For immediate release | March 22, 2011

ALA/Information Today, Inc. Library of the Future Award winner

CHICAGO - The American Library Association has named Orange County Library system of Orlando, Fla., the 2011 winner of the ALA/Information Today, Inc. Library of the Future Award. This award is presented annually to a library that demonstrates innovative planning and development of patron training programs about information technology in a library setting.

The winning initiative was Orange County’s Technology and Education Center, offering 1,200 technology classes each month at 15 locations. In 2010, nearly 50,000 patrons participated in the technology training program. Classes are offered in English, Spanish and Haitian-Creole.

Courses fall into three general categories, with classes for people seeking jobs, classes for small business owners and life skill enhancement classes. Job seekers are able to build and enhance their skills for re-entering the workforce or for acquiring technology skills in order to qualify for a better position.

Community residents who are planning to start their own business or who wish to enhance the reach of their business have an array of opportunities from building a business plan, financial management, marketing and website development. Life improvement classes are offered also, from eBay Basics for Seniors, an array of Internet classes serving teens to seniors, introductory overviews of new technologies and tools and Access Florida: Apply for foodstamps, cash assistance and Medicaid. In addition to courses taught in traditional classrooms, Orange County Library System offers courses virtually, live and online, plus self-paced online classes and a rich array of online tutorials.

Course instructors have commented on patron successes. One instructor told of a person who attended Access 2007 classes close to a year ago.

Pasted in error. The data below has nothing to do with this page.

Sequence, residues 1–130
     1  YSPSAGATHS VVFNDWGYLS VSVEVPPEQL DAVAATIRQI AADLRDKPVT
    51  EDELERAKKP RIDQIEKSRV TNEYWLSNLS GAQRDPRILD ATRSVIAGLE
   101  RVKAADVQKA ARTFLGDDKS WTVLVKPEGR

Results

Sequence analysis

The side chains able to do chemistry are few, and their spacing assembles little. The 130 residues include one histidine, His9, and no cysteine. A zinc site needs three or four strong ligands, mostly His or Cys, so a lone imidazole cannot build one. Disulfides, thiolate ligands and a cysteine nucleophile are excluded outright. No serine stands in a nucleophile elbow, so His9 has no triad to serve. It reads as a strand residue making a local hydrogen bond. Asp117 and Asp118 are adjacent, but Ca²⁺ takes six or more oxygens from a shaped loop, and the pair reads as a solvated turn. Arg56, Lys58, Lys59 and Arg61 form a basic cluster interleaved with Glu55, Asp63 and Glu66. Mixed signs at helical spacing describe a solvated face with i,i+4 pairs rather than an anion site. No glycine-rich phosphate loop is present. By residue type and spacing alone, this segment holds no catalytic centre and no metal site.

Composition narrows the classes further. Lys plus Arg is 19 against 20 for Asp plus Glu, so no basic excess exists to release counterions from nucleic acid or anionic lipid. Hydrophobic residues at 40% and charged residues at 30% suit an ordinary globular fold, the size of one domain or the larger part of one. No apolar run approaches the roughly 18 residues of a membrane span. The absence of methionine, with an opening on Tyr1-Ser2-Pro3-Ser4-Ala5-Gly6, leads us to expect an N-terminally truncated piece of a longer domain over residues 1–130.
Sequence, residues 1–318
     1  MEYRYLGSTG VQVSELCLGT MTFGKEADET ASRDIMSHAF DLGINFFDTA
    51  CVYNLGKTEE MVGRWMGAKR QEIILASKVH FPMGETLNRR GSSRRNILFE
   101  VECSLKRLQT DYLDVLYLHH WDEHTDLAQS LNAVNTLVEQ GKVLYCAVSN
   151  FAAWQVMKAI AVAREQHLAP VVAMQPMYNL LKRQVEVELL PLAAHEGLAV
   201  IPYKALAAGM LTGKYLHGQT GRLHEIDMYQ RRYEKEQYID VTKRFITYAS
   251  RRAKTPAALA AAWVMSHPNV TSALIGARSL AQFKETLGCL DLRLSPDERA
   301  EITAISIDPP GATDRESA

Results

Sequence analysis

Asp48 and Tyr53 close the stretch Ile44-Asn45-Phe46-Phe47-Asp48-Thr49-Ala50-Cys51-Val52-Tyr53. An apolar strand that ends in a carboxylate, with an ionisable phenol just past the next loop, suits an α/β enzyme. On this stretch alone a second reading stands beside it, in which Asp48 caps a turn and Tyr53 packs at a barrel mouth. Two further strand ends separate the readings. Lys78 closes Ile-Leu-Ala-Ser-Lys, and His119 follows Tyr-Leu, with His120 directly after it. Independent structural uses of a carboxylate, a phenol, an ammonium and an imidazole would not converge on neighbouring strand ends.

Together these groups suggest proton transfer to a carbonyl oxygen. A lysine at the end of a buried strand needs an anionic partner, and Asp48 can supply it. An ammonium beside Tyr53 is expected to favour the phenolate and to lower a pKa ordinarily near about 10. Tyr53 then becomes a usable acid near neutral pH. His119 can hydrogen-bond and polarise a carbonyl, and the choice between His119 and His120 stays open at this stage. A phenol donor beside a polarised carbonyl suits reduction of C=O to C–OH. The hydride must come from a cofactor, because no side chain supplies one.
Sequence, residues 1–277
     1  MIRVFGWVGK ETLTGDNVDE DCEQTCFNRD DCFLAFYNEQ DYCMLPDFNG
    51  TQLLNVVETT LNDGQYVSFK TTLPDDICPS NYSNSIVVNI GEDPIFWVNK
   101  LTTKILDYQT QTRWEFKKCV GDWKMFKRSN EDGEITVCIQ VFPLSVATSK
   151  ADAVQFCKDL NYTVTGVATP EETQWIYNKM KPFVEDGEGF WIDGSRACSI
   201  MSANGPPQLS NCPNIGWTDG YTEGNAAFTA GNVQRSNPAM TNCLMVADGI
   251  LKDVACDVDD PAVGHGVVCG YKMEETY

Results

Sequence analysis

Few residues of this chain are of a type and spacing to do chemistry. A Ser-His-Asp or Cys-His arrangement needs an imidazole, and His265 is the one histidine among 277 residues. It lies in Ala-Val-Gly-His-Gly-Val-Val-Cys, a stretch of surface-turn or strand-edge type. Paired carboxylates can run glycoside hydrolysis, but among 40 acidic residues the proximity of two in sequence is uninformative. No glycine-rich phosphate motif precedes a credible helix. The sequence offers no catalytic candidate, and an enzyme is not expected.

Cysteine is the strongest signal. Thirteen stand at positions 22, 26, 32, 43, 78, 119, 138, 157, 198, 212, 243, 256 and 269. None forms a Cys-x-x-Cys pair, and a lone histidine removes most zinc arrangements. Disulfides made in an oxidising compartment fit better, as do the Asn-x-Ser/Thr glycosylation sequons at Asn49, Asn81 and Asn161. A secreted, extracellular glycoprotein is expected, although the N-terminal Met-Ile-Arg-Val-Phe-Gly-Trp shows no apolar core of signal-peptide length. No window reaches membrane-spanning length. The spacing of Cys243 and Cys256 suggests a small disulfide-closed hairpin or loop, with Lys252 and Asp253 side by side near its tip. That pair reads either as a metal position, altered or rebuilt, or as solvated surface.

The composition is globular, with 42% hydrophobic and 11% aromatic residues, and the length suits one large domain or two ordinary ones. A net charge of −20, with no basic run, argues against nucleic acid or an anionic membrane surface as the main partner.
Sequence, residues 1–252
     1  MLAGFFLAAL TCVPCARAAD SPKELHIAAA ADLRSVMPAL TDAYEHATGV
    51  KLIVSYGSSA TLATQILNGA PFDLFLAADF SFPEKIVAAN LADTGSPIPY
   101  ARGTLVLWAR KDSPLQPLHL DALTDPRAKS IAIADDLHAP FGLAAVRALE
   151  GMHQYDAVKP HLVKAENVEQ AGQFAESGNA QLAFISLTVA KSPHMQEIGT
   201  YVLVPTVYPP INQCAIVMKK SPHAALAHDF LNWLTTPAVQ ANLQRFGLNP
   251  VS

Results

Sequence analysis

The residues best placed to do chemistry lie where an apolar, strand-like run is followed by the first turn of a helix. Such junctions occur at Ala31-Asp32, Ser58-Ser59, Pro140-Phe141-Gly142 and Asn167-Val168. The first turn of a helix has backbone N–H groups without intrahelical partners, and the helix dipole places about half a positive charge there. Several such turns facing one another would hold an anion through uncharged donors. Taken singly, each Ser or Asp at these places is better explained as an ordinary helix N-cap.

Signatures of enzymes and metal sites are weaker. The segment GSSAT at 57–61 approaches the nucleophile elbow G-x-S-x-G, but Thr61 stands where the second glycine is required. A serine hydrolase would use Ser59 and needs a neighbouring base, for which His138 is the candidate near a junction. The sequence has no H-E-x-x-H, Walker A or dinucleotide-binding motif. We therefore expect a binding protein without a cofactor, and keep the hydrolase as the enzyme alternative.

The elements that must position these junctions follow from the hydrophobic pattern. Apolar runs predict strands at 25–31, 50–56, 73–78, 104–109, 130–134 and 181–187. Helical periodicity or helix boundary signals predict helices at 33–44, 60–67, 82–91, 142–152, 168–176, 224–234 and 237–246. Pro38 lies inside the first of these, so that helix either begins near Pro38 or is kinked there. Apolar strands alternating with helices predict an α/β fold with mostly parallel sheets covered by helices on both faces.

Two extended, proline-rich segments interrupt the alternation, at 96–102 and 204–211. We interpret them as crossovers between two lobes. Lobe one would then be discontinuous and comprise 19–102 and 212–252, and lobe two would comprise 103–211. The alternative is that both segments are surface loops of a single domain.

“He was looking for work, and the jobs he was interested in all required Access 2007. Within a few months, he obtained a job in the finance field. He came to thank me, telling me he got the job primarily because he had taken the Access classes and had the certificates to prove it.” Another instructor spoke of an individual who “took my Resume Writing and online job search class. She was able to complete her resume in class. We reviewed and tweaked it. She found a job listing and learned how to upload her resume. The company called her cell phone at the end of class and set up an interview with her.”

Patron accolades to instructors and the program tell the other side of the story. “You are doing an awesome job. The teachers are very professional, high quality, patient, knowledgeable and willing to give the extra time for the student. I am very impressed and satisfied. I have taken around 20 classes.” Another patron wrote to compliment a specific instructor: “I want to write in appreciation to a course instructor. He has taught me how to use a computer and to search for what I want. He is patient and professional, and loves and respects his job. I now feel more confident communicating with the world through the computer. Thank you very much.”

"We are very proud to be recognized as a top innovator in the library profession. It validates the Orange County Library System’s efforts to be a trend setter for the customers we serve. Being honored with the ALA/Information Today Inc. Library of the Future Award speaks to our innovation and adds credibility to our technology training, while instilling increased confidence in our customers. Receiving the award is like a giant pat on the back and inspires us to further innovation,” said Debbie Moss, assistant director, Orange County Library System.

During jury deliberations, one of the jurors commented: “I favor Orange County Library System for two reasons - the impact/extent of their outreach, as well as the very broad nature of what they provide and the real organizational quality which allows for solid replication.” Jury members unanimously concurred.

The members of the 2011 ALA/Information Today, Inc. Library of the Future Award Jury are: Carol Lee Anderson, University Libraries, University at Albany, Albany, N.Y.; Janet S. Fore, Saint Mary’s College, Cushwa-Leighton Library, Notre Dame, Ind.; John G. Jaffe, Mary Helen Cochran Library, Sweet Briar College, Sweet Briar, Va.; Jennifer S. Kutzik, Morgan Library, Colorado State University, Fort Collins, Colo.; and Amy E. Wallace, University Library, California State University-Channel Islands, Camarillo, Calif.

The Library of the Future Award will be presented on Tuesday, June 28, 2011, at the ALA Annual Conference in New Orleans. The deadline for submission of applications for the 2012 ALA/Information Today, Inc. Library of the Future Award is Dec. 1, 2011. Guidelines and applicationforms are available on the ALA website.


Cheryl Malden